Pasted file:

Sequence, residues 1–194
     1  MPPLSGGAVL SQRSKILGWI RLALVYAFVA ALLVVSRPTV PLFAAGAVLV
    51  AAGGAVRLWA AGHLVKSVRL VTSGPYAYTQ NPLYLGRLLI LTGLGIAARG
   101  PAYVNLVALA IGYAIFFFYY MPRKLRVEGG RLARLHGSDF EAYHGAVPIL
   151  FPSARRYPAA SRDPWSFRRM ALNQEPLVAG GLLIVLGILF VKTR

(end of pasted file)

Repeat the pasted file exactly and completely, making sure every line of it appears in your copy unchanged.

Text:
Sequence, residues 1–194
     1  MPPLSGGAVL SQRSKILGWI RLALVYAFVA ALLVVSRPTV PLFAAGAVLV
    51  AAGGAVRLWA AGHLVKSVRL VTSGPYAYTQ NPLYLGRLLI LTGLGIAARG
   101  PAYVNLVALA IGYAIFFFYY MPRKLRVEGG RLARLHGSDF EAYHGAVPIL
   151  FPSARRYPAA SRDPWSFRRM ALNQEPLVAG GLLIVLGILF VKTR